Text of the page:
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Naperville Multiple DUI Lawyer

All DUI charges are extremely serious and carry severe consequences, but the more DUI convictions you have, the worse it will be. Escalating punishments are a way of trying to prevent people from becoming repeat DUI offenders. Eventually, charges go from misdemeanor to felony. Illinois judges do not show much leniency toward repeat DUI offenders and commonly punish to the full extent of the law. 

A Recent Multiple DUI Case

A 38-year-old Plano, Ill. woman was recently indicted on felony charges for a DUI after she crashed her vehicle last October. If convicted, this would be the woman’s fifth DUI conviction. She was arrested and charged with a DUI, along with being ticketed for driving too fast for conditions, and failure to reduce speed after she crashed her car. Police say the woman was slurring her speech, smelled of alcohol, and had unsteady balance, although she refused to submit to field sobriety testing.

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Naperville DUI LawyerThe United States Constitution guarantees many rights for American citizens, such as the right to free speech, to protest, and to bear arms. Though many people think driving is a right, it is not. It is a privilege. There is nothing that guarantees your right to drive a vehicle.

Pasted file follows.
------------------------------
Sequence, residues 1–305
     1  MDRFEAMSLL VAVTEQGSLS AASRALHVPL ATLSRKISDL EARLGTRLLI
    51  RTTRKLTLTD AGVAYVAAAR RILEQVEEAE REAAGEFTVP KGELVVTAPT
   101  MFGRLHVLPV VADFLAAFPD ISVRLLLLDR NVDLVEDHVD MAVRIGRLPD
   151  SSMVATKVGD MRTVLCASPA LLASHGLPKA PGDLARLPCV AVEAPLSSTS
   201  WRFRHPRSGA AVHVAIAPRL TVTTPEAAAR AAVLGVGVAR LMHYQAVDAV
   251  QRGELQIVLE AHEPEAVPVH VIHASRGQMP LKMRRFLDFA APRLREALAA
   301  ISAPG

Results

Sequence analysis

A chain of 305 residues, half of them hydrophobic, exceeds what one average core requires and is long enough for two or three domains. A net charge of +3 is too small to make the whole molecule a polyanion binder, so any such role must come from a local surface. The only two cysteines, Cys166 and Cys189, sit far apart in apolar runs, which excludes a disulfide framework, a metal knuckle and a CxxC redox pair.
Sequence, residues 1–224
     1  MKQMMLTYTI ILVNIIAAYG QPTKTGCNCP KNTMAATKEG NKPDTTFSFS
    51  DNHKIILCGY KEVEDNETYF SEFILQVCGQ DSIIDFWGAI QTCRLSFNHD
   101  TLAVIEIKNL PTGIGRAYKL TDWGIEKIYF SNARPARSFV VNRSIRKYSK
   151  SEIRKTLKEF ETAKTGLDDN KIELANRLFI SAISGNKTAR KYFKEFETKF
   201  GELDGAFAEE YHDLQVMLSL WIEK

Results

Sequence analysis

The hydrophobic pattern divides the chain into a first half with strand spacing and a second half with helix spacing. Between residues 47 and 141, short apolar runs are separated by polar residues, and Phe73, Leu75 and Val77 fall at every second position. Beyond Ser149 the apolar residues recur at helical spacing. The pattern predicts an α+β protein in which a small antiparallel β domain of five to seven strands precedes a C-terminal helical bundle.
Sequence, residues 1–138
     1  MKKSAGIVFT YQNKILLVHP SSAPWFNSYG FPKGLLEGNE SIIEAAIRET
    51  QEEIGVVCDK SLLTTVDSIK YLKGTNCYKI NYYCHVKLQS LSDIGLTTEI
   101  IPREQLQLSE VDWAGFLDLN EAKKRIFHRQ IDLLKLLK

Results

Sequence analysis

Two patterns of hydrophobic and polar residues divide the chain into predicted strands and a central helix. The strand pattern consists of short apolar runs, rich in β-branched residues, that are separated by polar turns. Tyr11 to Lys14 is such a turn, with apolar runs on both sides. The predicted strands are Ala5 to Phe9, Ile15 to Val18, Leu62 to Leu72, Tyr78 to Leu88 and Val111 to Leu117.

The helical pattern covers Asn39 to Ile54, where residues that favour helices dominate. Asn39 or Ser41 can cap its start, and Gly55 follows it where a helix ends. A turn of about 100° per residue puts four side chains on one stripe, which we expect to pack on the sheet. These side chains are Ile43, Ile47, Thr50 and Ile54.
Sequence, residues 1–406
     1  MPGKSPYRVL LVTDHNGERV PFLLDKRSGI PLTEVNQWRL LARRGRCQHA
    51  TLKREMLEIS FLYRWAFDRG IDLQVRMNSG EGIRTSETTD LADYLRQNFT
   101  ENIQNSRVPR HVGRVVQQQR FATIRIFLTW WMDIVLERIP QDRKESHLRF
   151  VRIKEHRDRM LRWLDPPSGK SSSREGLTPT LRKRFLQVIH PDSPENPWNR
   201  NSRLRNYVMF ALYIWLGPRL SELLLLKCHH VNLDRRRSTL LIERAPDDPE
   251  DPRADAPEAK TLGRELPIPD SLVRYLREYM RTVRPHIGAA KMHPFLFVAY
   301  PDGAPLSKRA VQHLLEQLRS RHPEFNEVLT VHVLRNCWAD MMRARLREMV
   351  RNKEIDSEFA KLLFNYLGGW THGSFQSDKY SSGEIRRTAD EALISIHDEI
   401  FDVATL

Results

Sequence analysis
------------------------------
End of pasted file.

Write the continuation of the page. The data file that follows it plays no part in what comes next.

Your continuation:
In Illinois, there are multiple ways you can lose your license, some that have nothing to do with moving violations. Before a driver’s license suspension, the Illinois Secretary of State will send you a written notice in the mail. 

Here are a few ways you can lose your driving privileges in Illinois:

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Posted on in DUI

Naperville Defense Lawyer